And finally, I listened to my writing voice while riding the streetcar home. So I wasn’t quiet–I didn’t even turn off my favorite playlist and even skipped to the more upbeat, dance songs–but I did listen to the scene that fit my emotions and obviously wanted to be written. Even though it didn’t work the first time. Or the second time. And maybe only sort of worked the third time. Two of those three attempts occurred once I was already at home, supposed to be sleeping (as I should be now), but at this point, I knew I needed to stay awake and keep grappling while the emotional ammo was there, just seething underneath my skin. So often I’m busy with school and I know soon with a day job of some sort and I won’t always get those chances to let it channel through me. Those pages may come to nothing, but they were meant to be written. They will lead to something eventually–this whole thing is bigger than me. It’s my life.

I still feel like I’m trying to find my footing, trying to get back into the habits of writing regularly here, and going to more theatre shows again, and . . . well, I already said I wasn’t going to make lists; I’m just going to keep trying to embrace the changes that have happened and let them inspire more change, if that’s where this year and more are leading me. I wish sometimes it could be easier, to just return to where home used to be and see if the people there can rekindle something that feels disconnected and lost. But that’s growing up, moving on. It’s listening in different ways, sometimes even listening by belting out what’s on my heart and mind, to kindle that sort of strength and feel of home inside my own self.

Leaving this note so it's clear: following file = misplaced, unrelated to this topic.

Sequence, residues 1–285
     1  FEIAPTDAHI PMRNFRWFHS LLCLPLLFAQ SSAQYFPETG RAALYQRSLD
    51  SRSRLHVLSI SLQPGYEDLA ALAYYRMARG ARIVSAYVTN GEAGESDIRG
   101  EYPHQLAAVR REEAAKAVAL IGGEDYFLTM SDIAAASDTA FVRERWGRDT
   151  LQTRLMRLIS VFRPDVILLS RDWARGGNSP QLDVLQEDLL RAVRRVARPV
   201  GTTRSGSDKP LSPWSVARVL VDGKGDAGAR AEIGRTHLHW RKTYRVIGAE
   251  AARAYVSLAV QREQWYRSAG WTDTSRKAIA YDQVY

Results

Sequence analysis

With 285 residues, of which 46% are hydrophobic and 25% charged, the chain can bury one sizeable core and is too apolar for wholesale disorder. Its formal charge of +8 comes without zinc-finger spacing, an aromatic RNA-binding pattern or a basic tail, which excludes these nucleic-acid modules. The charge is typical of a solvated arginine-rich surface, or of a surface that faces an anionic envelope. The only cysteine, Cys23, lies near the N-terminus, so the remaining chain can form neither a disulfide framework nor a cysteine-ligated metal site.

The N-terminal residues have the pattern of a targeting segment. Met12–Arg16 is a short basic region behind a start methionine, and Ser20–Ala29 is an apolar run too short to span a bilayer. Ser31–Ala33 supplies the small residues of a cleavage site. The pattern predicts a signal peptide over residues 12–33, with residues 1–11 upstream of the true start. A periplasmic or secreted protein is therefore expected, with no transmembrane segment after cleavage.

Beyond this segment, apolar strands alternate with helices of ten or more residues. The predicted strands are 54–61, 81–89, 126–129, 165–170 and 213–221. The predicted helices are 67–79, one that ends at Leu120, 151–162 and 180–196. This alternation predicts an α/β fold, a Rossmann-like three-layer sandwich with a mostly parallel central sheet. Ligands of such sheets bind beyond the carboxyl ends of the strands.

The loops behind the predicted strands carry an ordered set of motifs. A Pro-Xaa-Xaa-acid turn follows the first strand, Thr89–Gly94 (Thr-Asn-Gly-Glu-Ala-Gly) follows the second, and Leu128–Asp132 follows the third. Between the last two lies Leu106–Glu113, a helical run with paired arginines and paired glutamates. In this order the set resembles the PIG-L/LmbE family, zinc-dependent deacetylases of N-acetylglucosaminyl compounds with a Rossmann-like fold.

One day soon I’ll have the strength to write more concrete posts about my progress in school, reviews, and new adventures. Until then . . . waiting patiently and impatiently for true spring and summer.

About austinausten88

Playwright in love with Classic films, afternoon tea, and Noel Coward. She recently graduated from Rice University. In the fall, she will be exchanging her English major undergraduate status for that of Theatre & Performance Studies graduate student.
This entry was posted in Life and tagged , , , , , , , , , , , , , . Bookmark the permalink.

1 Response to Listening

  1. Nancy says:

    Wow, that shows incredible growth and maturity! The best is…I think…oh, so close!! Keep writing!

Leave a Reply

Fill in your details below or click an icon to log in: Logo

You are commenting using your account. Log Out /  Change )

Google photo

You are commenting using your Google account. Log Out /  Change )

Twitter picture

You are commenting using your Twitter account. Log Out /  Change )

Facebook photo

You are commenting using your Facebook account. Log Out /  Change )

Connecting to %s